Skip to main content

Cottonwood Heights Journal

Day of Play unites Ridgecrest students, allows for creativity, fun

May 05, 2023 01:08PM ● By Julie Slama

Ridgecrest Elementary students engage in yoga as one of the Day of Play sessions. (Julie Slama/City Journals)

In the middle of a school day, Ridgecrest Elementary third-grader Sophia Munsee was painting a rainbow on a rock with the words, “be happy” on it.

“I like rainbows and being happy so when I’m sad or someone else is, I thought it would brighten up the day,” she said.

Sophia, like all the Ridgecrest students, was participating in Day of Play, a couple hours set aside at school twice per year to allow students the opportunity to engage in other activities. Students of all grades intermix in chosen activities, allowing them to make friends they might not have met otherwise and to bond over similar interests.

Principal Sara Allen said that the school holds the Day of Play for a couple reasons.

“Our students work really hard most of the time and this gives them a chance to just be kids and play, which helps build positive community within our school and gives them a chance to build pro-social skills with peers they don’t interact with most of the time,” she said.

After the time set aside for Day of Play, “most students are a little tired and it helps them to focus through the rest of the day,” Allen added.

Leading up to the Day of Play, students pick four top choices for rotations, then attend three of the options. Kindergartners, who have fifth-grade buddies, attend the sessions with the older students.

Fifth-grade teacher Annette Hubley appreciates the intermingling amongst students.

“They’re all different age levels which allows them to teach each other skills,” she said. “That’s pretty cool.”

She and PTA volunteer Anna Whiteley were overseeing the chess and checkers rotation.

“This is a favorite; the kids enjoy playing,” Whiteley said, who also helps with the 25-member before-school weekly chess group that will hold a schoolwide tournament at the end of the year. “This is a packed choice every round during Day of Play.”

In other rooms, students joined Allen, who participated in Just Dance, or they worked their Play-Doh into creative sculptures. With the inclement weather, chalk the walk was brought indoors as they used sidewalk chalk to draw on black butcher paper. 

Students chose yoga, musical instruments, domino building, and sport cup stacking, the same activity which in November 2022 Ridgecrest helped set a new World Sport Stacking Association record for the most stackers participating in multiple locations worldwide during the same time.

Art was another favorite amongst students. In second-grade teacher Melanie Lee’s classroom, the kids were learning from Art for Kids Hub videos how to create step-by-step masterpieces.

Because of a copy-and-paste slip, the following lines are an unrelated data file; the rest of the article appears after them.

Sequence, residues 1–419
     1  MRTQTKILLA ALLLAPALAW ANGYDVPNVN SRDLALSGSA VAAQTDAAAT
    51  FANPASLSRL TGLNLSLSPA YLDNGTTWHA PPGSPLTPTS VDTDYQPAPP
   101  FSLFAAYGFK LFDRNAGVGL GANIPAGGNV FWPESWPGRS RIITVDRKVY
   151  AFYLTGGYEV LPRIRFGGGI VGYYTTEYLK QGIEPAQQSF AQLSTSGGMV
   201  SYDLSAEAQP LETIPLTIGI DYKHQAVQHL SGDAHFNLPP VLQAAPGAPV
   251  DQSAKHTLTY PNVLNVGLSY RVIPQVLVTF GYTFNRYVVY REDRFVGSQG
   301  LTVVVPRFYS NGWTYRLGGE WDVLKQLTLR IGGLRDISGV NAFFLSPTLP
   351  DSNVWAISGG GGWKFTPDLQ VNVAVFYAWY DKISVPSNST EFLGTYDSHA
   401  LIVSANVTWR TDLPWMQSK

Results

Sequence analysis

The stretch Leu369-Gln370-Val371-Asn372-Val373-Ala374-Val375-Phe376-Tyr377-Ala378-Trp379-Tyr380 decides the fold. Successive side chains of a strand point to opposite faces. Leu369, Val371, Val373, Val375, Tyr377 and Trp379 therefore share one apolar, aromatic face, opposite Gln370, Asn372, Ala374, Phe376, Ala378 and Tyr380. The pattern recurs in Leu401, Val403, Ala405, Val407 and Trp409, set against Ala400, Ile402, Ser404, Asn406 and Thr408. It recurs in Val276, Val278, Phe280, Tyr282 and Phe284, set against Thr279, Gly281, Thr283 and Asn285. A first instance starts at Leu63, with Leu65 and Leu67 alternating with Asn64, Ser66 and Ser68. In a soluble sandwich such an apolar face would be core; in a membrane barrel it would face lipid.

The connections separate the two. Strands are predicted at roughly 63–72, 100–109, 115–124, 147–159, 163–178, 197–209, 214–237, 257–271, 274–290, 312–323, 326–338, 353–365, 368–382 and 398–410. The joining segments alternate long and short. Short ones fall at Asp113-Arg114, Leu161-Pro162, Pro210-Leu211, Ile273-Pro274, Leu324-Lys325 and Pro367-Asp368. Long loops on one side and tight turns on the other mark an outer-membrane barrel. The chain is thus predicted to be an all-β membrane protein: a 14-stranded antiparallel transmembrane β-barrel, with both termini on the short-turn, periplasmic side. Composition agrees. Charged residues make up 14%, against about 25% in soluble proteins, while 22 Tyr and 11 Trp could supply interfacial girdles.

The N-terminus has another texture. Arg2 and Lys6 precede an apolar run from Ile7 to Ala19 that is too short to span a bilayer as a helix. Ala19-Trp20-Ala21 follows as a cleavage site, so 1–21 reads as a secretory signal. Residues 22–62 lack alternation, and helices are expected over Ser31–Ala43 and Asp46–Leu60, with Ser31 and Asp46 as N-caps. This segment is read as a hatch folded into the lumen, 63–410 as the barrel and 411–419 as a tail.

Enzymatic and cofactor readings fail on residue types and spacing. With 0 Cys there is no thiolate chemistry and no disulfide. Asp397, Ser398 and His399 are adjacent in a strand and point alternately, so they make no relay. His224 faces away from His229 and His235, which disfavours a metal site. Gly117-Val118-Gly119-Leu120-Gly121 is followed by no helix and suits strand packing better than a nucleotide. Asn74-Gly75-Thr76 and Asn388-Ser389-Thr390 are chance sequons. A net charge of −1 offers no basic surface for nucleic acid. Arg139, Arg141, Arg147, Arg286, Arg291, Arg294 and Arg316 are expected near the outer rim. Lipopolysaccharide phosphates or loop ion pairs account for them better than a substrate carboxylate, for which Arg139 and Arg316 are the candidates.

“They love it, especially doing animals and characters,” she said. “This is a folded-up surprise so they learn to create a drawing inside, but there’s one on the outside of the folded paper as well.”

Third-grader King Hill chose this rotation.

“I wanted this because I love art,” he said. “I haven’t made a drawing like this before, and I want to learn how because I want to be an art teacher.”

In another classroom, third-grade teacher Bonnie White had Q-tips, pencils, straws, silverware, spirals, straws, yarn and other items with paint to allow the students to be creative.

“We used to have art club before COVID-19, and I like them to experiment with items other than a paintbrush,” she said. “In the fall, I had them paint with forks, but then I thought, why limit them to a fork? I looked in the supply closet and pulled out what all we could use.”

On a table drying, there was a painting of a monster, some of flowers, the school mascot and a painting using all dots.

“Abstracts have been huge, but students have created other beautiful drawings. I love that this allows them to use their creativity,” White said.

Kindergarten teacher Amy Dinkelman encouraged students to use soft and wood blocks for Day of Play.

“I love watching kids play without any restrictions,” she said. “They’re learning life skills like problem-solving, cooperation, and collaborating when they have ideas of what they can build and doing it together. Some just like the quiet times to play, and that’s fine too. Together, we’re building a community and it’s fun to see the old (former) students come back to be buddies with my kindergartners.”

In amongst a day scheduled of curriculum to teach and standards to meet, Dinkelman said it’s been a good time block to set aside.

“The best part is just letting them be kids. Sometimes, we forget to allow that time for them just to play,” she said.

Allen holds Day of Play on the day before a school break to incentivize students to be in class on that day.

Day of Play started at Ridgecrest four years ago, however, with COVID-19 restrictions it was suspended for a while, said former Ridgecrest Principal Julie Winfree.

“We did it to help students get to know other teachers and students,” she said. “We did it to create unity in the school and help everyone feel safe.”

That precedence was one of the reasons it returned, Allen said.

“It was one of the first things the teachers asked for us to reimplement once COVID restrictions were lifted. It felt like our community had lost some of its cohesion, so this became a priority for us,” she said. “We felt it was important for students to interact in fun and positive ways, so they feel invested in the Ridgecrest community and in taking care of and being kind to each other.” λ